TVOL is pleased to explore the question “Is there a universal morality?” with the help of philosophers and scientists at the forefront of studying morality in light of “this view of life”. Our fifteen essayists provided a surprising diversity of answers to the question.
Universal moral intuitions are like anchors, invisible from the surface but immovably secured to the seabed, whereas culturally prevalent moral norms are like buoys on the surface of the water, available to direct observation.
Tinbergen’s four questions apply to any variation-and-selection process, including but not restricted to genetic evolution. Accordingly, they can be insightful for the study of moral universals and particulars as products of human genetic and cultural evolution.
Properly understood, morality is not a burden; it is an effective means for increasing the benefits of cooperation, especially emotional well-being resulting from sustained cooperation with family, friends, and community.
You don’t need much in the way of normative assumptions to convert facts into values. Consider the assertion: "All else being equal, more wellbeing is better than less." Who could object? It’s all but definitionally true.
Most comparative studies of human moral judgment have been restricted to large-scale, industrialized populations, but critical tests of putative universals must include small-scale societies.
The study of social Darwinism in the 19th century shows us when our inner desires are structured in a complete, totalizing, and perfect way that provides continuity and stability to the nation, this is always done at the expense of science.
Jonathan Haidt analyzes the shortcomings of human reasoning and bets $10,000 that Harris will not be swayed by reason alone.The New Atheist Sam Harris recently offered to pay $10,000 to anyone who can disprove his arguments about morality. Jonathan Haidt analyzes the nature of reasoning, and the ease with which reason becomes a servant of the passions. He bets $10,000 that Harris will not change his mind.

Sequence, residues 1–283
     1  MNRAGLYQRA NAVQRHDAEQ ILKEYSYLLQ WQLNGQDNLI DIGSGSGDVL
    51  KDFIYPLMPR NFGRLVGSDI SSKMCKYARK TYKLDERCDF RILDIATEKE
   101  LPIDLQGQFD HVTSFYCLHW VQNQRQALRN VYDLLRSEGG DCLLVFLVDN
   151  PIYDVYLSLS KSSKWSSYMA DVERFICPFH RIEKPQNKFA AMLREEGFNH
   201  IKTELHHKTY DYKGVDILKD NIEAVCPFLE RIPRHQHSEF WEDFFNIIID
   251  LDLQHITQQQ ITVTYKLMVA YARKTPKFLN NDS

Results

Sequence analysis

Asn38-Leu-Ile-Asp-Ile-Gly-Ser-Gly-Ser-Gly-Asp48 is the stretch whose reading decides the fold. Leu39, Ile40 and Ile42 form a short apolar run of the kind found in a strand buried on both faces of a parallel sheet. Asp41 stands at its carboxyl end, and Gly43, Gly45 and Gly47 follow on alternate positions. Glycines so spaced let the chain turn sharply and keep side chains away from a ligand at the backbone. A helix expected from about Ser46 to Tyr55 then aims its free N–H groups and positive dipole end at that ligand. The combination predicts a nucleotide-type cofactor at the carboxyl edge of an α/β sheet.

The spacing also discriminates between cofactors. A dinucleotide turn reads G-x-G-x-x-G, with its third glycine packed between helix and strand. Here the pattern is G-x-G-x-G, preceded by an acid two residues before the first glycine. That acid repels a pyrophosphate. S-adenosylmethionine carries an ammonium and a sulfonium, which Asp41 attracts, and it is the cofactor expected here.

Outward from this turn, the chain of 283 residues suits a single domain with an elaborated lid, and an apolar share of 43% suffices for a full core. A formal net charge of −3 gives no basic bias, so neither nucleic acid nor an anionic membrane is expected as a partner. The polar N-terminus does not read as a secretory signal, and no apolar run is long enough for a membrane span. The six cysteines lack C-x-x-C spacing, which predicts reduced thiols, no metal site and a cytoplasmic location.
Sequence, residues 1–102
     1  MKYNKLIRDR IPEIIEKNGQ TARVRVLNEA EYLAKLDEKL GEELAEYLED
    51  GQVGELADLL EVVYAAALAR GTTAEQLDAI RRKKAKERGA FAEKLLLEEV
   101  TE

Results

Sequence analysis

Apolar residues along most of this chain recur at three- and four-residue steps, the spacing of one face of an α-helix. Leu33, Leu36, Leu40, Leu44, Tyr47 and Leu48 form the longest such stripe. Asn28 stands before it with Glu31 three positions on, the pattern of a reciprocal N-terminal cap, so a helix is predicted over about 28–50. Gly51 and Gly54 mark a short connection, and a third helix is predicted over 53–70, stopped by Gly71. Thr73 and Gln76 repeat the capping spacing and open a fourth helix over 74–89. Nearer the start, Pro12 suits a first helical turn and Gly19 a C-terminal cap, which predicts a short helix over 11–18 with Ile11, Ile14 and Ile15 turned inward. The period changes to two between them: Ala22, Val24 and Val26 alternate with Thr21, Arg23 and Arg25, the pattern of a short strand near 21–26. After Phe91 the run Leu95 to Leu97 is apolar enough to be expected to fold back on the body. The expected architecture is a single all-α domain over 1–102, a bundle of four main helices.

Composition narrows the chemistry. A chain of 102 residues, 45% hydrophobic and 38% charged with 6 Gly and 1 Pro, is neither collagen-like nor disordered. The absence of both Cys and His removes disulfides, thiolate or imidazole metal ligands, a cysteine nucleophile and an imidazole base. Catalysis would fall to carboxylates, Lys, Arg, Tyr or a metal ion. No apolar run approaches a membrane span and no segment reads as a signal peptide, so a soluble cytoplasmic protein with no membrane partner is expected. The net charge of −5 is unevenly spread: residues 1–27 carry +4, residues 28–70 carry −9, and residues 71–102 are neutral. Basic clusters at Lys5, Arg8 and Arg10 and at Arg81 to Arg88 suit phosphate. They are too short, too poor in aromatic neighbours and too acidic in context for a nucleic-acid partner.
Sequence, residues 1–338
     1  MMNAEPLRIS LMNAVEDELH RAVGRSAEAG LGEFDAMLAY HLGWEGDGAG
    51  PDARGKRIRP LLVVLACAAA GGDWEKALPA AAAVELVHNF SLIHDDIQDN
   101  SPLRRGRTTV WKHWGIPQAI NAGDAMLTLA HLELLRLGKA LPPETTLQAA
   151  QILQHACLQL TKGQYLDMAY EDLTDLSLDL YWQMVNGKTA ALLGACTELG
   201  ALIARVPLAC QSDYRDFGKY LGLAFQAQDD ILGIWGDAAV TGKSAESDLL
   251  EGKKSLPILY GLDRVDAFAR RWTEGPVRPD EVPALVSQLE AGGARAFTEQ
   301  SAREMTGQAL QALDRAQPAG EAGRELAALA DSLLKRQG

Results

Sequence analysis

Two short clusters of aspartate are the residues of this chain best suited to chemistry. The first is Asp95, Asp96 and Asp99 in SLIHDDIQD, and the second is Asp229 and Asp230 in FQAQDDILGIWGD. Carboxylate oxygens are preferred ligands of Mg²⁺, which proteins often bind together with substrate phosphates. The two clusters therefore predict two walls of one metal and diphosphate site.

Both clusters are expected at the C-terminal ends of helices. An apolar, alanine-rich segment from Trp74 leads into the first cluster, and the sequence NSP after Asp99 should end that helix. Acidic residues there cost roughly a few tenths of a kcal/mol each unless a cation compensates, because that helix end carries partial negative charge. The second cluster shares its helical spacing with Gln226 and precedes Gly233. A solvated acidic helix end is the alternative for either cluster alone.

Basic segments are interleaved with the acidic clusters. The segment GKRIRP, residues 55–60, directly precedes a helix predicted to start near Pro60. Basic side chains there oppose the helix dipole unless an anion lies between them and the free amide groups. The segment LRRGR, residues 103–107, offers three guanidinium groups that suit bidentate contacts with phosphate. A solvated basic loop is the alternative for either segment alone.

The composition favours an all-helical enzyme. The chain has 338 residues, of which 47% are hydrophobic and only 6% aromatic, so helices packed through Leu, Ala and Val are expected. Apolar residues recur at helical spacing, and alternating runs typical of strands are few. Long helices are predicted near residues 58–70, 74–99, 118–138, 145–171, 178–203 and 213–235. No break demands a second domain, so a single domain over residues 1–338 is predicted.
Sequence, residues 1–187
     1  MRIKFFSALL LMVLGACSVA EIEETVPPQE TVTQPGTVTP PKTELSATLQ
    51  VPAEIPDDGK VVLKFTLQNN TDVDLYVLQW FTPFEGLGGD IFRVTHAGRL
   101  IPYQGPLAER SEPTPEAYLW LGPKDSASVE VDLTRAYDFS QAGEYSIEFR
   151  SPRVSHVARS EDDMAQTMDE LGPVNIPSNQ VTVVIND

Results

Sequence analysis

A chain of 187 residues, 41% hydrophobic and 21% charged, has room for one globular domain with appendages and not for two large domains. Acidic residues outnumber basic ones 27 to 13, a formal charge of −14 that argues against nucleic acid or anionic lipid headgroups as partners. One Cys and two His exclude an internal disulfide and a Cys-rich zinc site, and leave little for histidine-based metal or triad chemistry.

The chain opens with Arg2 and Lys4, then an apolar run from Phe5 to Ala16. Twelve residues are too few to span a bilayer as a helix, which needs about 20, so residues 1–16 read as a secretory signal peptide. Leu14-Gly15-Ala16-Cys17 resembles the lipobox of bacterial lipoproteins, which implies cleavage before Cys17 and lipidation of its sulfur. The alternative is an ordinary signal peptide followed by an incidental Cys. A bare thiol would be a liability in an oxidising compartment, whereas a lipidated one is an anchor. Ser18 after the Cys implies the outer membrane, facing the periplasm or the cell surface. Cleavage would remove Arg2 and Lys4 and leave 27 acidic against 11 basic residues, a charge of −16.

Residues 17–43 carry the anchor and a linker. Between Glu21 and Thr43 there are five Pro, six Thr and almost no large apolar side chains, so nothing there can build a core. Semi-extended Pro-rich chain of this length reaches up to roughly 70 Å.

What novel insights can evolutionary approaches provide about human morality? What novel insights can evolutionary approaches provide about human morality? Jonathan Haidt describes his work and inspirations for understanding six universal moral foundations and the ecstasy of self-transcendence (transpersonal identification) common in religious and spiritual experiences.
Are there ‘bad’ kinds of moralizing?Are there ‘bad’ kinds of moralizing? If so, does understanding morality as the product of evolutionary processes (of the biological and cultural kind) reveal why ‘bad’ moralizing has so persistently existed and allow us to sort out the ‘bad’ from the ‘good’?
Given that morality is so important, you’d think we’d want to make sure that we were doing it right.Given that morality is so important, you’d think we’d want to make sure that we were doing it right. That is, you’d think that we would insist on knowing why we have the beliefs that we have, how those beliefs came into being, who they benefit, and where they are likely to lead us.
Atheism will need to be combined with something else, something more constructive than its opposition to religion, to be relevant to our lives.Atheism will need to be combined with something else, something more constructive than its opposition to religion, to be relevant to our lives